Barley meiosis: The importance of sticking together
The process of crop improvement is based on promoting the exchange of genetic material by making crosses between two complementary parent plants followed by identifying progenies that perform better than the original parents. The genetic exchange occurs during a developmental process called meiosis in which the number of chromosomes is also reduced by half (Fig. 1). Meiosis produces the egg and pollen cells (the ‘gametes’) that when brought together during fertilisation reinstates the normal chromosome number. The biological term for genetic exchange is recombination, and during meiosis, recombination ensures that all egg or pollen cells have a novel genetic make-up that is formed of a mosaic of parts of the original parental genomes. A problem, that is most acute in plants with large genomes like barley and wheat, is that recombination is highly skewed towards the ends of chromosomes. In barley for example, this means that around thirty percent of barley genes that are located in the central two-thirds of each chromosome are rarely, if ever, subject to genetic exchange, thus excluding them from the breeding process.
We are exploring whether it is possible to modify the pattern of genetic exchange by inducing disruptive or subtle alterations (mutations) to the protein components of the recombination machinery. Mutants are really powerful tools in biological research because they allow us to observe the consequences of removing or altering key genetic components of a morphological or developmental process. In plants and animals, as we may expect, most meiotic mutants induce a level of semi-sterility that can be identified easily as poor seed production. However, to understand mechanistically how specific mutants induce semi-sterility we use a range of fluorescently labelled antibodies raised against specific meiotic proteins in high resolution immuno-cytology. This allows us to directly visualise how chromosomes behave during meiosis and where individual proteins are likely to fit into the process by identifying how and where things start to go wrong in the mutants.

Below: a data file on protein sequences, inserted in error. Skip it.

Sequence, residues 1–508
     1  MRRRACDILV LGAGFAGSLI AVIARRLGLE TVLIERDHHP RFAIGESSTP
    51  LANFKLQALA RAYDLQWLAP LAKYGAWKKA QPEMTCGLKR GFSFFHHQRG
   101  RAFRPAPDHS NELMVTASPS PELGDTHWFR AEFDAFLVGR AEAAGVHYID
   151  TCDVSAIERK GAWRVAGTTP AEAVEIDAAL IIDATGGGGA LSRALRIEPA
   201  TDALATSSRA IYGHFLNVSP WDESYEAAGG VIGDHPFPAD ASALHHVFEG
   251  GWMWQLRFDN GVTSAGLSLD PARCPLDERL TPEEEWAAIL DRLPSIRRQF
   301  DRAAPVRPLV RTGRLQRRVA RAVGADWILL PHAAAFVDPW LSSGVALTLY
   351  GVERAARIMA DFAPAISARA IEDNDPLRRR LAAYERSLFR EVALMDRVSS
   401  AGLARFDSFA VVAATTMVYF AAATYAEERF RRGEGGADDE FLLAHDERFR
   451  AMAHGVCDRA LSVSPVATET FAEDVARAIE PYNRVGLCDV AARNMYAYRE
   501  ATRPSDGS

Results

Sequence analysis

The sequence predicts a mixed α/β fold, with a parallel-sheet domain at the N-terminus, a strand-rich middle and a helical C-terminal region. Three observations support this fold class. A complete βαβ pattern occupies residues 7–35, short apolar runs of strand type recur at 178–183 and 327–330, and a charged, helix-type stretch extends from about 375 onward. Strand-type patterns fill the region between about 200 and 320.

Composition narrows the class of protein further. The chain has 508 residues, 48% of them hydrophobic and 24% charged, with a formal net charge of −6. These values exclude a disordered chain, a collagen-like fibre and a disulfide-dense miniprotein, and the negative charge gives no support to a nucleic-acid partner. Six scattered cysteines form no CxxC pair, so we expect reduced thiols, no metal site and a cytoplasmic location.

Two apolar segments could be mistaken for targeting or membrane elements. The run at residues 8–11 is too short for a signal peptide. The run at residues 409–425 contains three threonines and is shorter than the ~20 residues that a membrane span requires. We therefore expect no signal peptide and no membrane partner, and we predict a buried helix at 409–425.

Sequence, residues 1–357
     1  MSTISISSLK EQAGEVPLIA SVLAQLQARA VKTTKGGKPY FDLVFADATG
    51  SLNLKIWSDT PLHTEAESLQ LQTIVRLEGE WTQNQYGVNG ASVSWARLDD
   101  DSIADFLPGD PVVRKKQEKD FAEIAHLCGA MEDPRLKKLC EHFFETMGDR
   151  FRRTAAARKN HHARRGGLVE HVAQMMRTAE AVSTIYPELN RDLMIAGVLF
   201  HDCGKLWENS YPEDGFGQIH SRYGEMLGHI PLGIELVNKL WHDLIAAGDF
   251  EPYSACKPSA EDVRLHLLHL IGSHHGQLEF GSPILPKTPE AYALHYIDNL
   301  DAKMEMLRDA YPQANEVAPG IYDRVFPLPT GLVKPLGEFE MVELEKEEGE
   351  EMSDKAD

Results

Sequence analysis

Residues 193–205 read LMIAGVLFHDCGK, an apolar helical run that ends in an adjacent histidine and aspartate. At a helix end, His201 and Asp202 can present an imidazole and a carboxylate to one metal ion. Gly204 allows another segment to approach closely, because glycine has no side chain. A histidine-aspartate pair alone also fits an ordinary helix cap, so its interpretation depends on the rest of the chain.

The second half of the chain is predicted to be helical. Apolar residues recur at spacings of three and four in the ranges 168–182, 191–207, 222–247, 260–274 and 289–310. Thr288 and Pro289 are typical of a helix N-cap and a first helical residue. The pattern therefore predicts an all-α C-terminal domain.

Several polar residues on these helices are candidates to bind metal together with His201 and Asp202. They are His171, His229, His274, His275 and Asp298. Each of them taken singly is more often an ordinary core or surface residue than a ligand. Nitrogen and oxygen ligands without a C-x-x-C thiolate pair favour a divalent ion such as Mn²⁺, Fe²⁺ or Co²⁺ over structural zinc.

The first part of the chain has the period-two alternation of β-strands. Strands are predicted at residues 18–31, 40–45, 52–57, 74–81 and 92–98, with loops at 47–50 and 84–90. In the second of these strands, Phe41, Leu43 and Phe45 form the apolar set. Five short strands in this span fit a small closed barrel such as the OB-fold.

One such barley mutant that we have studied is called des10. It is a spontaneous mutant discovered in the 1970s and its main characteristic is semi-fertility. Our study revealed subtle differences in the role of des10 in barley from that described in other organisms. It was only possible to observe these differences because we had access to new and powerful microscopes and barley genome information. We found that des10 contains a mutation in the barley version of a gene called Mlh3 that encodes a key protein involved in the process of recombination. We found that when chromosomes are meant to pair, through the formation of a structure called the ‘synaptonemal complex’ (Fig. 1, green line or dots) immediately prior to genetic exchange, in des10 mutants this process is compromised. Consequently, later in the meiosis, less genetic exchange occurs all along the chromosomes, including at the ends (Fig. 1, bicoloured chromosomes). Cytologically, des10 mutants thus look very different from the wild type with some chromosomes being lost during the process of forming the gametes (pollen). This results in many pollen cells being genetically unbalanced (too many or too few chromosomes) which leads to loss of fertility. Statistical analysis of genetic data that we gathered was consistent with MLH3 protein having a key role during genetic exchange. We found that in the absence of MLH3 (ie in des10 mutants) chromosomes took longer to pair and that the sites where genetic exchange would ultimately occur had already been designated prior to complete chromosome pairing. Our results suggest that changing where recombination occurs in barley can likely only be achieved by modulating early or very early steps of meiosis.
Isabelle Colas, Luke Ramsay and Robbie Waugh
The James Hutton Institute, Cell and Molecular Sciences, Invergowrie, Dundee, United Kingdom
A spontaneous mutation in MutL-Homolog 3 (HvMLH3) affects synapsis and crossover resolution in the barley desynaptic mutant des10.
Colas I, Macaulay M, Higgins JD, Phillips D, Barakate A, Posch M, Armstrong SJ, Franklin FC, Halpin C, Waugh R, Ramsay L
New Phytol. 2016 Nov